Most of us are aware of the great debate over drilling for oil in ANWR, or the Arctic National Wildlife Refuge, in Alaska. President Bush promoted the idea, indeed he campaign on it. The Democrats, and some Republicans including Senator McCain, opposed it. Now that we are in need of increasing oil supply, without depending on the Middle East, should we revisit the ANWR question? I was on the fence, ever so slightly, until I saw these photos. In this case a photo is worth a thousand words and several are worth all the proof I needed to support drilling in ANWR. I wonder if most of the opponents have been to ANWR or seen these photos? I wonder what they would say if they did?
It is worth a comparison to get some perspective on the size and scope of the ANWR region.
Note that the development would take place in the ANWR Coastal region and the place where this is and its tiny size in comparison with the region and the state. Listening to debates you would think we would destroy all of Alaska's natural beauty if we drilled in ANWR.
ANWR is a truly beautiful place, as these photos will clearly show you.
So why destroy the beauty of this pristine place. Should we not conserve it and protect it? I completely agree that we should. But the photos above do not look like the real ANWR because they are not photos of the area where we would actually drill.
This, in other words, is what ANWR looks like in the summer and winter. Not exactly the same as the photos of the beautiful place we saw above.
And here are some Google photos from space of the drilling area.
We presently get 17% of all our domestic oil from Prudhoe Bay. ANWR would dramatically increase U.S. oil production, which would clearly help with the critical supply problem we now face and keep us from further involvement in the political mess in the Middle East. In addition to this drilling will help keep the price of gasoline in check, something some politicians do not want since it is their "political chip" to use to attempt changes they want to bring about in American policy and direction.
The problem here is that radical conservationists (I am a conservationist but not a radical one) have influenced many of the members of Congress to vote against drilling in ANWR. Some of the more liberal of these congressional members actually want to raise the price of gasoline because they want us to use more public transportation and they want to radically alter our (suburban) lifestyle. I believe we should alter our lifestyle. Consumerism is harmful to spiritual health. And I see consumerism as an issue that very few Christians want to seriously address. I have been intentionally altering my consumption but I do not think it is the role of Congress to force an economic situation that requires this through lawmaking that will make us more dependent on foreign oil and less on American supply and creative solutions to energy use in the coming decade.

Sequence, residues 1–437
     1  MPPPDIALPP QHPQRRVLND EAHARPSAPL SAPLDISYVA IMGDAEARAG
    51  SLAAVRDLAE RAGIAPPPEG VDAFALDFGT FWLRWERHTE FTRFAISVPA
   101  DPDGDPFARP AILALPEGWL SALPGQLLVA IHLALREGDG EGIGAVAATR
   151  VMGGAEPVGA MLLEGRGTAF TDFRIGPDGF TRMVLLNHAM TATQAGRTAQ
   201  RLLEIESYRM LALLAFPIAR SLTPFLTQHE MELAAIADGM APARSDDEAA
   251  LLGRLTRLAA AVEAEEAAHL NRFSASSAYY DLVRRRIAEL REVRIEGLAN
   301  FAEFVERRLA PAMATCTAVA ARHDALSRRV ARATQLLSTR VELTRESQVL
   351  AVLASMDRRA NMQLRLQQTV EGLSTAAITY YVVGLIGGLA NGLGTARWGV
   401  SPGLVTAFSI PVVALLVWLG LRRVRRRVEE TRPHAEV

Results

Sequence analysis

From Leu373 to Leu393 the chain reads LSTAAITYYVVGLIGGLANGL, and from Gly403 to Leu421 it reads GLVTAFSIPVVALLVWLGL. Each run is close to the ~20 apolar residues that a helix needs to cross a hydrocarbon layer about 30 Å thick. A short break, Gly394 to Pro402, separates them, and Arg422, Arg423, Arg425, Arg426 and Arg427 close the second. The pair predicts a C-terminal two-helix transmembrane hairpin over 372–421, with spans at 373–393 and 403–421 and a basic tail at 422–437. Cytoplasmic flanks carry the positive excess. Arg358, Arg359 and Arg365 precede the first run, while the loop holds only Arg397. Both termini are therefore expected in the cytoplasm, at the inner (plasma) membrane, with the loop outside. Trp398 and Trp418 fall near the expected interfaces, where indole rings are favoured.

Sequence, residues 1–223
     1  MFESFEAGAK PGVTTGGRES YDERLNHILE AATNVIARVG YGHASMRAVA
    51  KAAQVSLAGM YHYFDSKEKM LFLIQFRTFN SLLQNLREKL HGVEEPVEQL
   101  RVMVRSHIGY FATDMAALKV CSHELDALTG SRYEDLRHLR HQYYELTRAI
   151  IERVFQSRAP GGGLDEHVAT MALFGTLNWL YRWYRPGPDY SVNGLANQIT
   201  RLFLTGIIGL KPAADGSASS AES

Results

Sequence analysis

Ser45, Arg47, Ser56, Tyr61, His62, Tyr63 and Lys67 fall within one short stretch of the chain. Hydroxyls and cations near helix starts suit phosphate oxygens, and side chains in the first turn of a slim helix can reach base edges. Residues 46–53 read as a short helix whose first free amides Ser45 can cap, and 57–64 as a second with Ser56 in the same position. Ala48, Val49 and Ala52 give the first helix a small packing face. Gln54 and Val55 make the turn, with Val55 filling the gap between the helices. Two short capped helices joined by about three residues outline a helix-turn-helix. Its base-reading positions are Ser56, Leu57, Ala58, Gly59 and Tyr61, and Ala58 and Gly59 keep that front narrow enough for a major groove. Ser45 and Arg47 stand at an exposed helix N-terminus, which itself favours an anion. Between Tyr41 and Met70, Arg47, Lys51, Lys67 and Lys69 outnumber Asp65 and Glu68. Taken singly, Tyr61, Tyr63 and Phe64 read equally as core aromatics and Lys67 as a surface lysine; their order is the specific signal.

As for oil spills, and the danger these are to our environment, did you know that Hurricane Katrina knocked out scores of offshore wells and not one drop of oil was spilled into the Gulf of Mexico? Modern drilling is safe, efficient and these supposed threat problems to the environment are almost all "bogeymen." I think the American people are going to get enough of the high price of gasoline and if any issue catches on in the coming months, as we approach the general election, this one is likely to be it.
I have read the arguments for the environment, pro and con, and respect a great deal of what is written about conservation from many quarters. (I am not a fan of the Rush Limbaugh response to the environment at all.) What I do not respect is the blatant silliness of some of the arguments that seem more intent on harming the United States and its national safety than on protecting the environment. I also think that if you seriously look beneath many of these issues you will generally find a strong group of leaders who want to radically alter our economic policy on energy so that they can recreate a society that will fit their agenda. This is one reason why I do not trust radical liberal political philosophy to lead govern. (I am also not a conspiratorialist about these things.)
Radical liberal political philosophy just has too much confidence in what a bigger and wiser (?) federal government can do for us. I fear these developments much more than all the energy/environment issues that are now on the table.